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UK house prices:buyers look to leave London post-lockdown as summer mini-boom hits the regions





























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    The UK property market is experiencing a record-smashing summer mini boom, with the number of sales agreed from mid-July to mid-August totalling more than £37 billion.

    The post-lockdown surge in activity also saw the highest number of homes being put up for sale since March 2008, in contrast to the usual summer sales lull, according to Rightmove’s monthly house price index.

    Over the past 10 years, the average monthly fall in asking prices at this time of year has been 1.2 per cent, the property website said.

    However, the new figures show asking prices up in 10 out of 12 regions, hitting record highs in seven areas as the exodus from urban centres continues.

    In Scotland and the Midlands, asking prices are up 6.3 per cent year on year, while the rise in Wales is 5.8 per cent.

    The London exodus

    The report highlights a notable shift out of London and the South-East – the only two regions to see monthly price falls – as the possibilities of remote working and the post-lockdown desire for more space take hold. The two regions also saw the lowest annual rise in asking prices, with the London figure up two per cent to £629,000.

    “More property is coming to market than a year ago in all regions, and at a national level the new supply and heightened demand seem relatively balanced,” said Rightmove’s Miles Shipside. “However, those expressing most desire to move on are unsurprisingly in London and its commuter belt.

    “London has 69 per cent more properties coming to market, with the South-East at 60 per cent and the East at 56 per cent. With work and transport patterns potentially changing most around the capital, commuter belt properties need to have more appeal to prospective buyers than just proximity to a station.”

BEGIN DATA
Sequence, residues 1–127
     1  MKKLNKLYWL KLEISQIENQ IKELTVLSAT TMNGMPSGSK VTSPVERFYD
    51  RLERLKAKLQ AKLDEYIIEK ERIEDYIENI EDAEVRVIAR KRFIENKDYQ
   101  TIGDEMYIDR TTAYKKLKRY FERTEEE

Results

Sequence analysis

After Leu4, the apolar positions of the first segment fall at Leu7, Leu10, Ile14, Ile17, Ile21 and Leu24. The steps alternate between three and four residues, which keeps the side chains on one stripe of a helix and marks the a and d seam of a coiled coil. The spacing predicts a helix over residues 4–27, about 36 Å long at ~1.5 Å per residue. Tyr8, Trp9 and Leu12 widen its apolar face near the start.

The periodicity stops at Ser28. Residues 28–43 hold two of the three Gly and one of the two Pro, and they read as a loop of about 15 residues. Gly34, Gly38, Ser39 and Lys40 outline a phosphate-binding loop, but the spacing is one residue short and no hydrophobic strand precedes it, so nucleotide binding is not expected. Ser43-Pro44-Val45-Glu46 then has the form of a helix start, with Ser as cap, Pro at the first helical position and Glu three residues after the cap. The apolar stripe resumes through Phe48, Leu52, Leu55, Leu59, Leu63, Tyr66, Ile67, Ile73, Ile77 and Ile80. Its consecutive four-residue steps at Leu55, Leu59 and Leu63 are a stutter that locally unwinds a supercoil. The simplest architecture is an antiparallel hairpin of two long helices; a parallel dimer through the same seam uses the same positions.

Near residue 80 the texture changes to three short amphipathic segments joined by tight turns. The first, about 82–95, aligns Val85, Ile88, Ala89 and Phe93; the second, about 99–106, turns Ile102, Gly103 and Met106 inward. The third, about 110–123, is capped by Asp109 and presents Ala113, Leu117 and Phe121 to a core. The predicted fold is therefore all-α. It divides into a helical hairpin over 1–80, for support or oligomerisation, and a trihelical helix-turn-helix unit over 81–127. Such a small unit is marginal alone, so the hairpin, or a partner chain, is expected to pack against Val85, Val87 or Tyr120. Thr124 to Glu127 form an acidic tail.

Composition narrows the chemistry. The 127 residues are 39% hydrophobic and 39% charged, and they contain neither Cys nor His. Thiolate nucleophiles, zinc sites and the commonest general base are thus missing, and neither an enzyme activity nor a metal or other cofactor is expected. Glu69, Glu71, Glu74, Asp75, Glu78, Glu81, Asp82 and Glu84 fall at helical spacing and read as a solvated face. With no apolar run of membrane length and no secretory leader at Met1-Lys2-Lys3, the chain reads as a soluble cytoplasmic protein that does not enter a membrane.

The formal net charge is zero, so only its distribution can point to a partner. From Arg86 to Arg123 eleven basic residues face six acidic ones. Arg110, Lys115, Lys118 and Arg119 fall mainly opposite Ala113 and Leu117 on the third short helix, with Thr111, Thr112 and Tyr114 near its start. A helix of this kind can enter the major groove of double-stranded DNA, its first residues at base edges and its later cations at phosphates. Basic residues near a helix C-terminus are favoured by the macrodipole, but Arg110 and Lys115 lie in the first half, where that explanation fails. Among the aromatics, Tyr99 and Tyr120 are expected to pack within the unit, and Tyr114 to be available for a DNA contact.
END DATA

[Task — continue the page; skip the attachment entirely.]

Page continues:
Stamp duty holiday
    This comes as buyer interest continues apace following the two-month property market lockdown hiatus, and also spurred on by the eight-month stamp duty holiday that was announced at the start of July.

    The tax break is intended to help buyers who have taken a financial hit because of coronavirus and boost a market hit by lockdown.

    Providing they complete before March 31 next year, buyers of homes priced up to £500,000 will pay no stamp duty, while those purchasing above that level stand to save up to £15,000 in tax.

    Prior to Chancellor Rishi Sunak’s announcement of the measure in his summer emergency Budget, first-time buyers paid no stamp duty up to £300,000 in any event, but the new benefit extends to all sectors of the market.

    The latest Rightmove statistics show sales agreed in the period rose 59 per cent year on year for homes at the top of the ladder, 38 per cent in the second stepper market, and just 29 per cent for first-time buyers, previously the strongest rung of the property ladder.

    However, a report from the Royal Institution of Chartered Surveyors last week warned the boom could be relatively short lived, with the majority of estate agents in London predicting house price falls over the next year as jobs uncertainty bites once the Government’s furlough scheme ends in October.

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